Ven Keo Bun, right, is threatening to set himself on fire.
dispute between a group of 500 Vietnamese who moved into a vacant pagoda and a group
of Cambodian monks now resident there has escalated into threats of self-immolation
by a head monk, amid charges of violence, racism and verbal attacks on a human rights
Around two hundred angry protesters, including monks, paraded on March 27 from Wat
Chak Angre Leu to Phnom Penh Municipality, demanding the government remove the Vietnamese
from the pagoda.
The protesters marched along the street to the Vietnamese Embassy, Phnom Penh Municipal
court, Council of Ministers and Phnom Penh city hall, carrying banners abusing ethnic-Vietnamese
in Cambodia, and urging the Cambodian government to send them back to Vietnam.
The protesters echoed comments that have been prevalent in the Khmer media recently
that the human rights group Licadho was ignoring the complaints of Cambodians in
favor of ethnic-Vietnamese.
It is a charge Licadho director Eva Galabru denies. She said that they had come across
the dispute by accident, had explained to the Vietnamese that there was a Supreme
Court decision evicting them from the land, and had encouraged both sides to settle
the matter peacefully.
However it is a message that was ignored by the protesters.
"When Yuon encroach on Cambodia, they [human rights groups] never say any word.
When Yuon beat our sacred monks they keep quiet. But when we just simply hold the
demonstration against illegal Yuon they yell at us [saying] we are discriminatory
or racist," one of the monks said over the microphone as he was standing in
a truck with other protesters.
"Why do they block our brothers [the demonstrators]. We just want the government
to remove Yuon from the pagoda," said the monk, referring to police who were
trying to prevent the protesters from moving into the compound of the city hall.
"Does your brain have a problem [referring to the police support for the Vietnamese]?
If so, you should clean it up," he said, causing the crowds to burst into laughter
But the dispute is serious, and Galabru fears it could turn violent.
Feelings have been running high among supporters of the pagoda - Lim Heng, 68,
from Kampong Cham province, was one of those at the rally. He said he was extremely
angry with the Vietnamese, who had allegedly thrown stones at monks.
"I am too old to walk such a long way as this. But I can not stay still when
I have seen another nationality harm my religion," he said while sitting on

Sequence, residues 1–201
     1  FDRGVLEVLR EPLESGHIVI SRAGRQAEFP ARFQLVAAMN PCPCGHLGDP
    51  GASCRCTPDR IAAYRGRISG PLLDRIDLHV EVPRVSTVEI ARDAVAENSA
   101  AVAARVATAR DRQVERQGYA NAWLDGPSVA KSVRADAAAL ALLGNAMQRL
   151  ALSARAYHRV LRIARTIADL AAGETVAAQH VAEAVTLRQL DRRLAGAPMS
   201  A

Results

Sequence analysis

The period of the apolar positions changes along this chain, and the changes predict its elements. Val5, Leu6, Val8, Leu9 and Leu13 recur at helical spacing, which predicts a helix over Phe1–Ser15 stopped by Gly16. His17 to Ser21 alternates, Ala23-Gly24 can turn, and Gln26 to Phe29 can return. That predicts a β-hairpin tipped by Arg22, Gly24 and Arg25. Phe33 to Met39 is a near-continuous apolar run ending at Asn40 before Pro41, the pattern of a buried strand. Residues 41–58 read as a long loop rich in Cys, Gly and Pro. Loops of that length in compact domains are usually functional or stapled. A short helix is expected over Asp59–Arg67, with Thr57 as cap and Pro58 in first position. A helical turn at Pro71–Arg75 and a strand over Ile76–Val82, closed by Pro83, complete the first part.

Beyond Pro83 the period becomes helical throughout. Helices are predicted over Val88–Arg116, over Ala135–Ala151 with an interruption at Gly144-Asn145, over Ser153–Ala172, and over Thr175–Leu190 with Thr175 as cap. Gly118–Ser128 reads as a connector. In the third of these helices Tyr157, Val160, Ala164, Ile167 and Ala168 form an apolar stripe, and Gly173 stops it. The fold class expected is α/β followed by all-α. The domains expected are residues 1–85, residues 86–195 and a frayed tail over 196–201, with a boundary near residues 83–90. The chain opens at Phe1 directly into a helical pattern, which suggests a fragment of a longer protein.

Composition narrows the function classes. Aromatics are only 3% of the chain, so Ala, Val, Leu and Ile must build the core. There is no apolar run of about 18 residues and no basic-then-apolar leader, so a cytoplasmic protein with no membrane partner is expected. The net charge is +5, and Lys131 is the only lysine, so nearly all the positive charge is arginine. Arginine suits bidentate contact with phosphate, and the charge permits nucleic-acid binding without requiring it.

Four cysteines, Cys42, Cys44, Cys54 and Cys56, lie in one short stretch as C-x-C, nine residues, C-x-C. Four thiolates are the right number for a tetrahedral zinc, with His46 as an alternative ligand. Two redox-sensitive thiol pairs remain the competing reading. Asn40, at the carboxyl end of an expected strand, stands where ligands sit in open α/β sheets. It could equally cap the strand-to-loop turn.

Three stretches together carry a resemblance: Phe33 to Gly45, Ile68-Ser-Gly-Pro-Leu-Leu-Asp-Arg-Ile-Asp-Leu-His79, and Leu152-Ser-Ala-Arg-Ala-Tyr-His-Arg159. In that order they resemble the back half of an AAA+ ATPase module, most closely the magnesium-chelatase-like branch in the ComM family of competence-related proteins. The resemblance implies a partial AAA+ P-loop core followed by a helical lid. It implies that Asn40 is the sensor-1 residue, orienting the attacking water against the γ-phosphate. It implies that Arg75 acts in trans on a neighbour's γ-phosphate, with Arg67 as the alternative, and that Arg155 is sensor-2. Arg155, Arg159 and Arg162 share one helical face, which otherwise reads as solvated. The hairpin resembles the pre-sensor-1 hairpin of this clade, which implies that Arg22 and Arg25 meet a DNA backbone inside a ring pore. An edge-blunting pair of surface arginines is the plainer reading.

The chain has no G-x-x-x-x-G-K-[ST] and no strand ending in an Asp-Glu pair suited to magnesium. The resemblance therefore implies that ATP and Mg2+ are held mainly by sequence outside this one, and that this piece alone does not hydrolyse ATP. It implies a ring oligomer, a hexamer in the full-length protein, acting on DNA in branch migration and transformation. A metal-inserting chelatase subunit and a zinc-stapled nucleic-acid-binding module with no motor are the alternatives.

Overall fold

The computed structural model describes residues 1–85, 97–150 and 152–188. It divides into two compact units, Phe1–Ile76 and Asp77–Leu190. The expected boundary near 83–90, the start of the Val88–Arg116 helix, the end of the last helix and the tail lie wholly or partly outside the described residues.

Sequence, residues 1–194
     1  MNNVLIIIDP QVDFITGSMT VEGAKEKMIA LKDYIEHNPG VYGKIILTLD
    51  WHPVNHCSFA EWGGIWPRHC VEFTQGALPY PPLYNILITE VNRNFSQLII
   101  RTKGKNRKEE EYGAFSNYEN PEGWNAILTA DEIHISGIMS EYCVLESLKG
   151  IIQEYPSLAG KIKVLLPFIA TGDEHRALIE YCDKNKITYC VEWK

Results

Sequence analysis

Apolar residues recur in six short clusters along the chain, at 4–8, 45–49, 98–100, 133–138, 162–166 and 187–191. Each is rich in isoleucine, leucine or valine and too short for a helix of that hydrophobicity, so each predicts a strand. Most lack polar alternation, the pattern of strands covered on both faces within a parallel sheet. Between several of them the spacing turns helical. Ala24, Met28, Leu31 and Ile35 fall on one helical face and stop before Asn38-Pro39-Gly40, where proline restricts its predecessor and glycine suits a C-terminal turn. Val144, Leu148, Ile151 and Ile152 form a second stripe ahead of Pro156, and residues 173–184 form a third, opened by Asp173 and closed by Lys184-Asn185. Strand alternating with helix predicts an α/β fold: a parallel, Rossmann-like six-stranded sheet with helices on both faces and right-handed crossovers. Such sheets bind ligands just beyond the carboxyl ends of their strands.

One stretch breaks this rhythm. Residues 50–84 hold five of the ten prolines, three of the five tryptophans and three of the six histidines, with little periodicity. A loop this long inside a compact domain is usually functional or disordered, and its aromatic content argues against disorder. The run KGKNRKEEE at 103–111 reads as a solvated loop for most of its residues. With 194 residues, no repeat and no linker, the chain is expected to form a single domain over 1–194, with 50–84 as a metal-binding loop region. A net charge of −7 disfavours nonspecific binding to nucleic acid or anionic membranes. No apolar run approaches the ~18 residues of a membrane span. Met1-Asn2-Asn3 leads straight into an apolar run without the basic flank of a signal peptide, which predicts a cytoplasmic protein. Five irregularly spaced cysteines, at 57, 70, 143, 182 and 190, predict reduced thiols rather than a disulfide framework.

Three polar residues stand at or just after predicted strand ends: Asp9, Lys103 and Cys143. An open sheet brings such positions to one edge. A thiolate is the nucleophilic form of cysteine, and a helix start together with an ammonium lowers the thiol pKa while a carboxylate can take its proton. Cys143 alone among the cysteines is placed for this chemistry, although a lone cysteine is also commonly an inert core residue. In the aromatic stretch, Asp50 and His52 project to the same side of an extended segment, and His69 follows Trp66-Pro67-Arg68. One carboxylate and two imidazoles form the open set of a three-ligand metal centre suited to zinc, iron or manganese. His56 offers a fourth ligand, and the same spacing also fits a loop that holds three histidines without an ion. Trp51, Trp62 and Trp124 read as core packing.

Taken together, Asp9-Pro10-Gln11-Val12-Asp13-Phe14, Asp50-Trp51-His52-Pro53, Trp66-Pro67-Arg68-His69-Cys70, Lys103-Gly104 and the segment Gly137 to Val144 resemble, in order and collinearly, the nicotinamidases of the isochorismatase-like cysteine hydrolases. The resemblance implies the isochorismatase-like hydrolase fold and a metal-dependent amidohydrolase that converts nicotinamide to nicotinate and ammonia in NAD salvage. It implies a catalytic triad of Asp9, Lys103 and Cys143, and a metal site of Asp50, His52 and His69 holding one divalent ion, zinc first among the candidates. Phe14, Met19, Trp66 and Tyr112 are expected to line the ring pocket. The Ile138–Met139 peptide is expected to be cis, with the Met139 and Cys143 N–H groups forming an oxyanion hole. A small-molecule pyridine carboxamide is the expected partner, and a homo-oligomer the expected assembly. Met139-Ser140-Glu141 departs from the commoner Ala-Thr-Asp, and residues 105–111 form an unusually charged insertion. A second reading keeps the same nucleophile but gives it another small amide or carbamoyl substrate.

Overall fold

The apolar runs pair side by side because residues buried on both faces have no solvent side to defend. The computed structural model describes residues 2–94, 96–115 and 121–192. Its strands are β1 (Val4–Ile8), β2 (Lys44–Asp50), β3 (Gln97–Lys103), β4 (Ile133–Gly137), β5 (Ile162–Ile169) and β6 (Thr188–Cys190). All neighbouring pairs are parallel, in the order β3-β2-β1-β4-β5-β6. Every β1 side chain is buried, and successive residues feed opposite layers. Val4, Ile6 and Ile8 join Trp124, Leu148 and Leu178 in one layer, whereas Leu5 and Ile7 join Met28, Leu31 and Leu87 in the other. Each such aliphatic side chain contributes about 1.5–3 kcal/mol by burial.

the ground, resting.
Heng said the pagoda was his favorite one and he traveled to it often.
He said the dispute became more serious when a fight between the Vietnamese and the
monks broke out on March 12. A monk had tapped a car which was parked in the compound
to signal that the driver should move his car so the monk could clean the area in
preparation for a ceremony.
Heng claimed a large number of Vietnamese came out of their houses and stood defiantly,
staring at the monk. He said they carried sticks, knives, and stones, then an argument
started and the Vietnamese started throwing stones at the monk, who was slightly
He said one week later, a drunken man argued with two pagoda boys and cut their hands
with a knife.
Keo Bun, Chief of the Monastery of Chak Angre Leu pagoda, claimed the Vietnamese
had discredited the Buddhist religion in different ways. For example they raised
pigs, drank alcohol, ran Karaoke and often had sex on the grounds of the temple.
Bun said he had complained to authorities including the Phnom Penh City court but
he had not had any help.
The argument led the monks, the Cambodian pagoda supporters and the Students' Movement
for Democracy to hold the demonstration.
"I am happy now. But I will burn myself if the authorities can not move the
Vietnamese within a month," said Keo Bun after the meeting.
The monk was asked to file another complaint with the Phnom Penh prosecutor and to
deliver another letter to local authorities demanding the removal of the Vietnamese.
Keo Savoeun, chief of the commune of Chak Angre Leu, said that the Vietnamese themselves
now promise that they will leave the pagoda in one month [by April 25]. But they
need him to write them letters saying they have been living in Cambodia for years.
He said he is happy to do that in exchange for their departure, but said his letter
will not be useful for them. It could only tell other Cambodian authorities that
they were in Cambodia when they moved to resettle in another place.
"To make them go I would like to write for them. But this letter will not say
those Vietnamese are legal immigrants. It will just say that they used to live in
the squatter community," Savoeun said.
He said about ten rich families had moved to Prek Pra, on land that the Vietnamese
Association managed to obtain for them for the price of $ 2,000. Others will move
into Phnom Penh City to rent houses and most of the poor will move to Sa-ang district
in Kandal province.
Pon Pol, 50, a local militiaman who was watching the Vietnamese houses being removed,
said that in the early 1980s there were only three Vietnamese families living in
the pagoda, and there were no monks at the time. But later the number amounted to
almost 200 families.
Chung Hy, 32, who was dismantling his house, said he was going to move and stay temporarily
with his Vietnamese furniture employer at Boeng Trabek, as he only earns 5,000 riel
per day and would not have enough money to pay rent.
He expected help from human rights groups who he said often visited his village and
promised to find them a place to settle down.
" We just need a small piece of land - enough to fit our small house only. We
don't need them to help us with the construction material. But now they are quiet,"
Hy complained. He said he had come to live in the pagoda in 1985.
He said: "It is because we are Vietnamese, that is why they are chasing us away.
I know many Cambodian people are living in the pagoda too, but they do not chase